It’s somewhat hard to believe that the Taylor Swift that was once engulfed in media backlash is now the same Taylor Swift that is now on a plinth so high that it feels like no one will eclipse her.
During her 1989 era, she received unfair backlash and had the experience of “millions of people hate you very loudly” due to a web of lies that was spun against her. Lies spun in response to her discomfort at the way she was being portrayed without her consent. In a manner that was objectifying and discrediting of her efforts in her career thus far.
Misogynistic backlash is nothing new, many women have experienced it; take Piers Morgan’s tirade against Little Mix’s Strip music video or Sabrina Carpenter getting the wrath of the internet for going through a breakup. Women can barely do anything without it being picked apart like a crow pecking at a corpse, Swift has “watched as women in this industry are criticised and measured up to each other and picked at”. So, the fact that Taylor Swift has embraced and spoken (and sang) about the critiques she has faced is part of the reason she has lasted this long. But that’s not the only reason, to reduce her to the double standards she has faced would be unfair. Swift has persevered as instead of letting “that scrutiny break them… (she) just keeps making art”.
Swift has this chameleon-like quality to her yet has an unchanging core of quality songwriting, genres may change but the essence of her songwriting remains.
She talks of this reinvention both lyrically and in her 2020 Miss Americana documentary saying “everyone’s a shiny new toy for like two years. The female artists I know of have had to reinvent themselves twenty times more than the male artists… constantly having to find new facets of yourself that people find to be shiny”.
All this change to explore the depths of her artistry more, she wasn’t adapting to the music environment, she was changing the environment itself.
Her songwriting has always been the way through which we often learn her thoughts on what is being said about her, she was sick of the double standards, so she wrote The Man and Mad Woman. She was the crazy woman who dated men just to write about them, so she wrote Blank Space to ridicule this narrative, “whatever they wrote about me became material for musical satires” (Billboard). It is this beautifully designed response that means that an air of mystery constantly surrounds her, media outlets may tell you what they think she is, but she defines herself through her writing in a way that is pure genius to witness. In a way that silences the narratives written about her but not by her.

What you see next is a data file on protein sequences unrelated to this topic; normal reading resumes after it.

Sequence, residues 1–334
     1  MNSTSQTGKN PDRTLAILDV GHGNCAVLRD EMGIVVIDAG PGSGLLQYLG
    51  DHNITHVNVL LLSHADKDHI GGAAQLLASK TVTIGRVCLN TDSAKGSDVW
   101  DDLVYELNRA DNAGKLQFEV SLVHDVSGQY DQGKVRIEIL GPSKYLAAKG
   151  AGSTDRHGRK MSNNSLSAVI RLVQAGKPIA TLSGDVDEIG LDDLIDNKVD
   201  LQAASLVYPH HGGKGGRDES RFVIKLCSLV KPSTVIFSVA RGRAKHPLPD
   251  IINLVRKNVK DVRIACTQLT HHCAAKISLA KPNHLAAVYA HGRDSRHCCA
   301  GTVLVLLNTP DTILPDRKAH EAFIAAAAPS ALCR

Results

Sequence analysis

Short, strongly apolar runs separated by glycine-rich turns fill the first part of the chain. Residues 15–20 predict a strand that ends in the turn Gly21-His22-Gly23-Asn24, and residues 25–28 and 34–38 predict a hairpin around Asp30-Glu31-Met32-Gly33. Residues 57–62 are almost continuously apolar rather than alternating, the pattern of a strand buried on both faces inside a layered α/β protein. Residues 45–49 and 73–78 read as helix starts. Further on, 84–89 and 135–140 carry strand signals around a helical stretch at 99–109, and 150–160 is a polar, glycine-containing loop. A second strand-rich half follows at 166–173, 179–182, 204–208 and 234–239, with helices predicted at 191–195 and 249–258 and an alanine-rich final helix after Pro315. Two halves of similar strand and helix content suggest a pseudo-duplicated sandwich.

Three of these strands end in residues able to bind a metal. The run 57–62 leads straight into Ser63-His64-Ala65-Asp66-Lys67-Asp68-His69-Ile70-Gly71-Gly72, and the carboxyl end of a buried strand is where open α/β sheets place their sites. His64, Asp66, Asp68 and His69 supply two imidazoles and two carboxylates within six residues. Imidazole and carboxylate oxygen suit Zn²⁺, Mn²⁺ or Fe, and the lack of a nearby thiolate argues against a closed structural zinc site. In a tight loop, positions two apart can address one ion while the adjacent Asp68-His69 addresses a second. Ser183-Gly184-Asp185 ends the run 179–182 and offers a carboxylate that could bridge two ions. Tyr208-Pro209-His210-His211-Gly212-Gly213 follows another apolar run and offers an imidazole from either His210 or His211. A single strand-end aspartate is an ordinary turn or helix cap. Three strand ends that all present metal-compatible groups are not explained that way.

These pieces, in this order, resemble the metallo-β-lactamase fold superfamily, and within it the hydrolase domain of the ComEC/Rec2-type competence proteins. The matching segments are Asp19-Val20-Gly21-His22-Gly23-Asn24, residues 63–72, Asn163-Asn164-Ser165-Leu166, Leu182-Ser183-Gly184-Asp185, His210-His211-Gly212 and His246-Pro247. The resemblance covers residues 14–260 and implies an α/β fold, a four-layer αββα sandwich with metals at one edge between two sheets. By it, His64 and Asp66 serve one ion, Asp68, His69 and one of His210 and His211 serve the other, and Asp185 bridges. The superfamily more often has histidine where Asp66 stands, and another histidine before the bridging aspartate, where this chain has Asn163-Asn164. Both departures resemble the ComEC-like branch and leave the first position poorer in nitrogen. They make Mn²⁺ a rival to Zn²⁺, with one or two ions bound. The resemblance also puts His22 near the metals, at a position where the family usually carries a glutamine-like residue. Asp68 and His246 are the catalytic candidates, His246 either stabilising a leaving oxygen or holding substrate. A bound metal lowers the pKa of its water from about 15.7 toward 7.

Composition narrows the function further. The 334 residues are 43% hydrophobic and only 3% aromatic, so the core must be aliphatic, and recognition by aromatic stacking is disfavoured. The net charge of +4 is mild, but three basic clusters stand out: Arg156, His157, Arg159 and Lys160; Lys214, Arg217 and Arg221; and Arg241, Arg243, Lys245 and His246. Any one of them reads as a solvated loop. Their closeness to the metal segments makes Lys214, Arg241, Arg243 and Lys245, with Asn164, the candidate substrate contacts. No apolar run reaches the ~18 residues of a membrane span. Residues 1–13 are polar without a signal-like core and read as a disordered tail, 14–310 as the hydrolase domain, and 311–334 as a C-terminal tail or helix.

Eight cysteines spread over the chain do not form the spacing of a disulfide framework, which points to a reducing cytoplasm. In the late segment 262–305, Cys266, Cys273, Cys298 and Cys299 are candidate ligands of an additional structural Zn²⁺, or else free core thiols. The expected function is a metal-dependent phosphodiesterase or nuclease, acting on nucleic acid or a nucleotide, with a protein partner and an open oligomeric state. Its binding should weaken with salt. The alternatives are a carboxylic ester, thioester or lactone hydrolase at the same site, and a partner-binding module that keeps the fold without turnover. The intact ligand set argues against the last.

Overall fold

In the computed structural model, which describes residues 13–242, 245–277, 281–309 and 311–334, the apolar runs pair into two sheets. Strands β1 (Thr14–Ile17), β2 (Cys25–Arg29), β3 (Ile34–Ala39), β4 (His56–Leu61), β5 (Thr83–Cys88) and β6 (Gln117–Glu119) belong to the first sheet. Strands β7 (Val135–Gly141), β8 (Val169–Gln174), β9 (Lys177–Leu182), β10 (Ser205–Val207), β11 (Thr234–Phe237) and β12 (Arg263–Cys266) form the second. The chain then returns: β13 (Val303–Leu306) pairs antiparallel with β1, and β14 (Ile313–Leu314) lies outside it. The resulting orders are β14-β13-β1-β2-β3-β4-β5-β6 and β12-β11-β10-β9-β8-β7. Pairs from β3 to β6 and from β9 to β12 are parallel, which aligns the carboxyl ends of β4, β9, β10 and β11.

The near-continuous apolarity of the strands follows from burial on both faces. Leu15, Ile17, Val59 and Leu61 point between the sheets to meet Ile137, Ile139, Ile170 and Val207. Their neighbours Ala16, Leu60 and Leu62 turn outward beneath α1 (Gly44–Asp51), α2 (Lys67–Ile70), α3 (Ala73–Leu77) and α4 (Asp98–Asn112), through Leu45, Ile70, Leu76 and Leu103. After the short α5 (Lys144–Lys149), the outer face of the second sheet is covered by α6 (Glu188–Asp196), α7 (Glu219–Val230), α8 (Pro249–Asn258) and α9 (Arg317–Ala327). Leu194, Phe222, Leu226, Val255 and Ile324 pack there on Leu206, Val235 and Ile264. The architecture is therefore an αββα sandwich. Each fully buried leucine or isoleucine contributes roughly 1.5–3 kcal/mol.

Swift manages to write deeply but even her most personal songs find resonance with her fans, All Too Well being a prime example. Telling the specific story of one relationship but in a manner that means anyone who has been stung by a breakup can relate to, she has mastered not only writing her experience but the human experience.
Swift has elevated herself to a mode of timelessness by not writing for anyone but herself, even when she addresses the critics, she does it through a lens that is so uniquely hers. She writes until she just can’t stop, as with Folklore and Evermore as they are “a collection of songs that flowed like a stream of consciousness.” She has a hunger and passion for songwriting that is so resplendent that you have no choice but to marvel in awe of its brilliance. Swift is all-encompassed by it, so we have no choice but to be so as well.
To think that in 2020 Swift was thinking that Lover was “one of my last chances as an artist to grasp onto that kind of success” and now years later she is breaking records and reaching historic achievements with Midnights. It is a testament to what undeniable talent can do.
Swift writes of love, womanhood, and life with all the nuance and complexity that explores every corner of it, she captures what it is to be the heartbroken girl, the exhausted figure who is sick of trying, the head-over-heels in love person, the woman who is sick of the patriarchy and all it has done to her. She captures feelings you didn’t even know you had and words them in a way that feels like no one else ever could. A way that is so perfect it feels like the only way it should be written. She is truly a writer that is as rare as a lightning strike.
By ascending to this timelessness, she has become the kind of icon that will be discussed for decades to come. She has answered her own question of “ask me why so many fade but I’m still here” (Midnights, Karma). Her mastery will be studied, and her songs heralded as the standard of what a good song is. Swift’s timelessness resides in her unyielding desire to stay true to her pen and her vision.
Feature Image Credit: Rolling Stone